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Jennifer Horney - University of Delaware. Newark, DE, US

Jennifer Horney

Professor and Director, Epidemiology | University of Delaware


Jennifer Horney's research focuses on the health impacts of disasters and public health emergencies including climate change.




Jennifer Horney Publication Jennifer Horney Publication Jennifer Horney Publication







Jennifer Horney is Professor and Founding Director of the Program in Epidemiology and Core Faculty at the Disaster Research Center at the University of Delaware. Her research focuses on measuring the health impacts of disasters, as well as the linkages between disaster planning and household actions related to preparedness, response, and recovery. Dr. Horney received her Ph.D. and MPH from the University of North Carolina at Chapel Hill. She was a member of a team of public health practitioners who responded to Hurricanes Isabel, Charley, Katrina, Wilma, Irene, and Harvey where she conducted rapid assessments of disaster impact on public health. She has also provided technical assistance to public health agencies globally around disasters, infectious disease outbreaks, and pandemic influenza planning and response.

Industry Expertise (2)


Health and Wellness

Areas of Expertise (10)




Community Assessment for Public Health Emergency Response

Rapid Assessment

Applied Epidemiology

Outbreak Investigations

Disaster Epidemiology



Answers (1)

Is the new COVID variant, Pirola, cause for concern?

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The real concern will be the number of mutations on Pirola's spike protein and the recent approval of the boosters that target the current dominant variant, Omicron. We don’t know how effective that booster – which just became available after Sept. 12, 2023 – will be.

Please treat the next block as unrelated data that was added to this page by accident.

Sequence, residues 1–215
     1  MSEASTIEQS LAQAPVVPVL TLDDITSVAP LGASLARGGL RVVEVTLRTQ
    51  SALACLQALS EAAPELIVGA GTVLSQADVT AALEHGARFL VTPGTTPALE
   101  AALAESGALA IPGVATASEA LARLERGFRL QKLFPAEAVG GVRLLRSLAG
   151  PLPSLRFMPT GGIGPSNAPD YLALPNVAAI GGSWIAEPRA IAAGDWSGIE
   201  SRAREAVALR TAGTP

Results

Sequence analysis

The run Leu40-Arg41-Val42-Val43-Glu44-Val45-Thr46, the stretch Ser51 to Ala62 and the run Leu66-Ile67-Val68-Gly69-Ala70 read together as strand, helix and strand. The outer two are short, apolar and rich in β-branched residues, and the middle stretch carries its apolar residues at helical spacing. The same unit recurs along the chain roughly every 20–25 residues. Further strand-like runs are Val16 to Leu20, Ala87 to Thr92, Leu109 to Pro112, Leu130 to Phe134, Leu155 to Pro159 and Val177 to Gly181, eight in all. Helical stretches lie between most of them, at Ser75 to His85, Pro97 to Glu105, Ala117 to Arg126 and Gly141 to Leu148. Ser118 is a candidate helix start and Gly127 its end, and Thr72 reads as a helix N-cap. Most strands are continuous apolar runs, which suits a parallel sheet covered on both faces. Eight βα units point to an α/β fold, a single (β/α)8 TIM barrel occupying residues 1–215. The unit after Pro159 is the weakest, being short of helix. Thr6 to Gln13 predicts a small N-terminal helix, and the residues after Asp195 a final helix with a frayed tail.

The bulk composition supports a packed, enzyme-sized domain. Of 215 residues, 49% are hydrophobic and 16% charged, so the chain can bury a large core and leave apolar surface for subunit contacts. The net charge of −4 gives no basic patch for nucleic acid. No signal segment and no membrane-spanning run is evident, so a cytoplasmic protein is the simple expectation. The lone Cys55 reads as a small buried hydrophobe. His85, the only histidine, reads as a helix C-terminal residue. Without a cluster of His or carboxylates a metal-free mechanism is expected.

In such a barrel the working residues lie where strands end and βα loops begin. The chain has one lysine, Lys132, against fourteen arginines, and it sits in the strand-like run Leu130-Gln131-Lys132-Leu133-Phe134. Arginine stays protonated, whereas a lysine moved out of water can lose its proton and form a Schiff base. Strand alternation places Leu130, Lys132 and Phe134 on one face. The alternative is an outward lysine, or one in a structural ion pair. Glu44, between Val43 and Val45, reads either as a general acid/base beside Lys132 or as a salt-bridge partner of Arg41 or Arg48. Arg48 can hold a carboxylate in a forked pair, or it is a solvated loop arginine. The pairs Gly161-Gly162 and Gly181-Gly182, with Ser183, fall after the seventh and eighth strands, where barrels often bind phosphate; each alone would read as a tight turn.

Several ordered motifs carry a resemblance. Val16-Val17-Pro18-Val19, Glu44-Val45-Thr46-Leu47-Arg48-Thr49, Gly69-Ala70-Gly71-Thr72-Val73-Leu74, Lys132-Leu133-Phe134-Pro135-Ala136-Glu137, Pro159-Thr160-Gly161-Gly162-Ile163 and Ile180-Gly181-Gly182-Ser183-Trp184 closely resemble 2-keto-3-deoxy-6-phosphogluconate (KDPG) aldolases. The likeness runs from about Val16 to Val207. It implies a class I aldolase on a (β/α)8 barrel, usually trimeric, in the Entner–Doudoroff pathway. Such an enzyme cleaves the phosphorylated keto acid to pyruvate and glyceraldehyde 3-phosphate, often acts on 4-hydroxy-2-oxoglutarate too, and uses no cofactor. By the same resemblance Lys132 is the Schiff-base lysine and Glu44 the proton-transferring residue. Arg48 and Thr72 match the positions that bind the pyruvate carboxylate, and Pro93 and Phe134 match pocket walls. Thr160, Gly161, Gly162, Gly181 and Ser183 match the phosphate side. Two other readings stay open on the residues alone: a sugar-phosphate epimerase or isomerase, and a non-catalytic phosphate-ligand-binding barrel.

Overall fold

Media Appearances (7)

New Covid FLiRT variants spark concerns of a summer spike

CNBC  online


It currently seems unlikely that the new strains will cause a major wave of infections as seen in the past when public immunity was lower, said Jennifer Horney, professor of epidemiology at the University of Delaware.

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Pandemic? What pandemic? Four years later, coronavirus no factor in 2024 Biden-Trump rematch

Palm Beach Post  print


Jennifer Horney, professor and director of UD's epidemiology program, added to the argument that more discussion should be taking place regarding the impact and outcomes of the pandemic. "It is pretty clear that we had a larger share of deaths in the U.S. than proportionally should have been expected," she said.

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6 people died by suicide in the aftermath of Hurricane Ian. Experts fear more.

Tampa Bay Times  online


Article quotes Jennifer Horney, epidemiology, who studies 281 natural disasters in the U.S. and found suicide rates leapt the highest two years post-disaster. “Recovery can be so long and arduous and expensive."

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Is It Time to Start Wearing a Mask Again?

Everyday Health  online


“With COVID-19 infections on the rise – concurrent with increased risk for infection with other cold weather respiratory viruses like influenza and RSV – many people may want to consider wearing a high-quality mask in crowded indoor spaces,” says Horney.

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Diseases suppressed during Covid are coming back in new and peculiar ways

CNBC  online


“Covid has raised the profile of public health matters so that we are perhaps paying more attention to these events when they occur,” said Horney, adding that public health systems set up to identify Covid have also helped diagnose other diseases.

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Confused By The CDC's New COVID Isolation Rules? Here's A Clear Guide.

Huffington Post  online


Tip: Wear a high-quality mask like a KN95 or N95. “The homemade 1-ply cotton mask is not going to cut it with omicron,” said Jennifer Horney, a disaster epidemiologist and founding director of the University of Delaware’s epidemiology program.